Barista Magazine

JUN-JUL 2019

Serving People Serving Coffee Since 2005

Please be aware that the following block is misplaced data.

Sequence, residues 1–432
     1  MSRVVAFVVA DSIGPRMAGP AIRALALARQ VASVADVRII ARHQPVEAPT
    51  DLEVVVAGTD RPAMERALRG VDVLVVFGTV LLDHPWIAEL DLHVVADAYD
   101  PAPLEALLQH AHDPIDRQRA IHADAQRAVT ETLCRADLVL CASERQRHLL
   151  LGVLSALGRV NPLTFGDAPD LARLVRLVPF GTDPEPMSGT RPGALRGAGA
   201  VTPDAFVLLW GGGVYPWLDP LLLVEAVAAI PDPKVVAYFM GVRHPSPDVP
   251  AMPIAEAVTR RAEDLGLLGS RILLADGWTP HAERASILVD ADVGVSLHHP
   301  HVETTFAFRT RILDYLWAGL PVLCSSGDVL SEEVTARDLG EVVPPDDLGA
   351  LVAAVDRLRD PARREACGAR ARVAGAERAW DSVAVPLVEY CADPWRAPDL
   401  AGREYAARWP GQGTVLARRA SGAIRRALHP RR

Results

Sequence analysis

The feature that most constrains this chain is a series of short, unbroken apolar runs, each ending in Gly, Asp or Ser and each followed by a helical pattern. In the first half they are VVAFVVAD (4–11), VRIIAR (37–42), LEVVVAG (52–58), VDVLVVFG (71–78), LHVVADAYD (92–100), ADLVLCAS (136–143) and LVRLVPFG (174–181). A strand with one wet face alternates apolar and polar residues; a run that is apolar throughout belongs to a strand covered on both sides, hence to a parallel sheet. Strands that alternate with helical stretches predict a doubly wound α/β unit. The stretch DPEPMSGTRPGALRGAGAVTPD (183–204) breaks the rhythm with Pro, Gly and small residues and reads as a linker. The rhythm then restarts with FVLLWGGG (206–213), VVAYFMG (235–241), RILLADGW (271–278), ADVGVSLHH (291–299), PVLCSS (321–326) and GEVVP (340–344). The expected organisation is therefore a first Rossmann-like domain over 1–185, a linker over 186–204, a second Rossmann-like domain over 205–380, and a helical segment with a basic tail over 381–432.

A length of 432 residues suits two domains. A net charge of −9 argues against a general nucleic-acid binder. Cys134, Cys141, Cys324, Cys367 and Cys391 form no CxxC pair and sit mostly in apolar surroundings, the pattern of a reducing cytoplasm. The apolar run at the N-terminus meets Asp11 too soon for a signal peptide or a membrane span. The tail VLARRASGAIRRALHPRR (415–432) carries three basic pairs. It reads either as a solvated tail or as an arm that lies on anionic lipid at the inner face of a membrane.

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P U L L : E V E N T S A), noted that while we were talking about farmers and how to get them more mon- ey, we were holding an event in a non-producing country with speakers primarily from non-producing countries. During her discussion, she made the analogy that the value stream (a term from speaker Keba Konte of Red Bay Coffee in Oakland, Calif., who discouraged the use of "value chain" for its association with slavery) should run horizontally, not vertically. She asserted that each member of the stream should be treated equally. "If the seed doesn't survive, the cup won't either," Vanúsia said in reference to how coffee buyers are looking to pay the least amount of money for coffee but still demand social sustainability with a good story to boot. "But fi rst off," she said, "we need economic sustainability." Ted Fischer, a professor of anthropology from Vanderbilt University, tackled the question of value, asking attendees how they think value is created. "What are the values that go into a cup of third-wave coffee?" he asked. He followed the question by showing a map of a mountain in Guatemala where a Cup of Ex- cellence winner earns $4 per pound, but the farmers next door were bringing in just $1.25 per pound. His intent was to push people to consider whether what they value or believe actually contributes to the perceived quality of coffee. Value—who adds it, how we transfer it, and where it comes from—was a theme throughout Re:co. Michelle Johnson of The Chocolate Barista hit on it in her talk profi ling the commitment McDonald's made to buy all its coffee sustainably by 2020. Al- though we might not think of McDonald's as a force for change in the industry, Michelle's discussion showed that the company was incorporating many of the big ideas (like independent certi- fi cations, which Janina mentioned as a way to create differentia- tion for coffee producers) into its practices. The idea of value permeates the "supply stream"—even to the baristas and coffee professionals who serve coffee and those who consume coffee. This was when Keba Konte made his case for this terminology as mentioned above. His lecture, "Creating a Space that Empowers and Brings New Consumers to the Ta- ble," was part of the larger session hosted by Phyllis Johnson of BD Imports called "Growing Consumption: Letting Go of Same- ness." Before inviting Keba to the stage, Phyllis talked about the gap between coffee consumers based on race and ethnicity, and showed that ethnic minorities are catching up to white consumers, and that Black consumers have all but closed the gap. Keba talked about creating value in spaces that have been historically underserved, and how inviting new potential consumers and coffee pros to the table can create value. "As part of the culture at Red Bay, we want to decolonize the process," he said. This was when he brought up the importance of language, and how "value stream" is an appropriate way to reference the journey coffee takes. Keba encouraged attendees to step outside the echo chamber of their familiar spaces and consider approaches to coffee that encompass bigger groups of people. Other highlights of Re:co 2019 included Vera Espíndola Rafael, who tackled the term "producing countries" in such places as Brazil and Colombia, which boast exponential growth as consuming nations. She pointed to a startling statistic courtesy of the Coffee Barometer: "Cur- rently the average green-coffee export value is less than 10 percent of the $200 billion revenues generated in the coffee retail market. The fi nal Re:co speaker was Peter Roberts, a professor of organi- zation and management at Emory University. "My weight would be a better benchmark than the C market," he said, calling into question how value is measured. Peter worked on the recently released Spe- cialty Coffee Transaction Guide, and told the audience in no uncertain terms that while price transparency is a cute idea, it doesn't matter if more people aren't transparent and if they don't consider their prices in context. "Simply being transparent doesn't matter—information has to go somewhere," he said. So what does this all mean? After the talks—which were, for the fi rst time, available simultaneously in Spanish thanks to portable devices that attendees could wear—attendees were split into groups, and asked to pledge something they could do in the immediate future to address the coffee-price crisis. At lunch, I talked to a producer who told me that while Re:co was a good learning experience, it wasn't enough. She said not enough was being done to address the price crisis. She told me that one of the leading farms in her region had to lay off a fi fth of their workforce, and hearing numbers like that—numbers that I wished to see more of at Re:co and one of the reasons I pulled information from the "Cost of Production" event—were startling. ÑAshley Rodriguez The 2019 Re:co event included a daily "Sensory Experience," which covered sensory elements from taste to touch to texture. Presentations included tasting a batch brew fractioned into stages of the brew process, delivered by Mackenzie Batali, a Ph.D. student at University of California, Davis; exploring anticipatory senses, which integrate not only properties of food and drink, but from the environment such as color, texture, and shape of serving vessels; and examining the fl uctuations in tea fl avors that come with aging, as demonstrated by Rishi Tea (top photo), which off ered a endees an opportunity to experience the diverse fl avor profi les of a single Pu'er tea aged to diff erent maturities. Lower photo: The 2019 Re:co fellows assembled on stage to tell a endees a li le about the program, which aff ords selected applicants the opportunity to a end the symposium. Fellows are selected based on their potential to drive the future of coff ee. PHOTOS BY JORDAN SANCHEZ, SCA 32 barista magazine